TABLE: How much banks will have to lift interest rates to make up for the new levy

Deborah Acason of Australia lifts Glasgow 2014 Commonwealth Games. Ryan Pierse/Getty Images

The big banks insist that someone will have to pay for the new levy announced in the 2017 budget.

Either shareholders will have to accept lower dividends or bank customers will have to pay more for bank services, including home loans.

Treasurer Scott Morrison says the banks should absorb the costs of the levy and urged people to move to smaller banks if they get hit with high mortgage payments.

Analysts say the levy, adding up to about $1.6 billion a year, will strip several percentage points from the annual profits of the big four — Commonwealth, Westpac, NAB, ANZ — and Macquarie.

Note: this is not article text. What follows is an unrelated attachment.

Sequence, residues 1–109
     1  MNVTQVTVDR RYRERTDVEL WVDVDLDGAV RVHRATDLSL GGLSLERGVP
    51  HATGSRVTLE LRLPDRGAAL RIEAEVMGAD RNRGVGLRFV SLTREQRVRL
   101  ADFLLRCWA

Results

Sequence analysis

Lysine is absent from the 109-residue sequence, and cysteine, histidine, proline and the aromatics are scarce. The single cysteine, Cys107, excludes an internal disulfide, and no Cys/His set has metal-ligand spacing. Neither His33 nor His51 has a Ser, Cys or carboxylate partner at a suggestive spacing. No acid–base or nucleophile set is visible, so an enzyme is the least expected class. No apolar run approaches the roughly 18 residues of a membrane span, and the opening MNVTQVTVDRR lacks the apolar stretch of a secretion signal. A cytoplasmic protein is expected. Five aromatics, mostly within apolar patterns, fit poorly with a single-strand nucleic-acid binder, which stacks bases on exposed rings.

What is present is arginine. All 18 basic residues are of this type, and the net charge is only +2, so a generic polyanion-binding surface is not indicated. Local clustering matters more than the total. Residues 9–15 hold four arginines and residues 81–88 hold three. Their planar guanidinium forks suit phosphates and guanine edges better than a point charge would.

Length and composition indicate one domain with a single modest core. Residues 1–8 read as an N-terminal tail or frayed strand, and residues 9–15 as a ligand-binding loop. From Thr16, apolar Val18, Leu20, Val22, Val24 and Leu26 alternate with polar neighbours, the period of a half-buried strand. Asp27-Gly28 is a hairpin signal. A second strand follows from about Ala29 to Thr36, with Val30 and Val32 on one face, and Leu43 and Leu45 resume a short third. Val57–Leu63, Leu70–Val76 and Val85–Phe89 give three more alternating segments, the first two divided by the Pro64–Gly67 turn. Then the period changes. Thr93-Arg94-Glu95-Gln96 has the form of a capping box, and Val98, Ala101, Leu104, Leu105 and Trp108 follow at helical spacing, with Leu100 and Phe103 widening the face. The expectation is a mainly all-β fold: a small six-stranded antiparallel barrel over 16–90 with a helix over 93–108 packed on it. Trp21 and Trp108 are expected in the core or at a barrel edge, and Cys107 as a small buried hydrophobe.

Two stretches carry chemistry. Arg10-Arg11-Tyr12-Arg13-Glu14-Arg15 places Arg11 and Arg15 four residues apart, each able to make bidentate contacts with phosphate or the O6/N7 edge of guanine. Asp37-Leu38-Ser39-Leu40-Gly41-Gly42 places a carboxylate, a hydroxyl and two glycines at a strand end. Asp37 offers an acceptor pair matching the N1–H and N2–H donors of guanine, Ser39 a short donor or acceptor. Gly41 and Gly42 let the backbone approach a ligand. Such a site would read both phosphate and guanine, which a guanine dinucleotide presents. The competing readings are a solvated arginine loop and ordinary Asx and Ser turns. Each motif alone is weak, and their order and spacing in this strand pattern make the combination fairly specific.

However, Ord Minnett, in a research note to customers, says the 3% to 4% drag on bank earnings probably won’t materialise.

“We expect the banks will inevitably re-price loans to mitigate this impact,” says Ord Minnett.

“In our view, the re-pricing across the portfolio (6 to 10 basic points) will not provide sufficient switching incentive to ‘level the playing field’ with smaller institutions.”

Here is Ord Minnett’s forecast for earnings impact, and the necessary interest rate rises to cover the hole, from the major bank levy:

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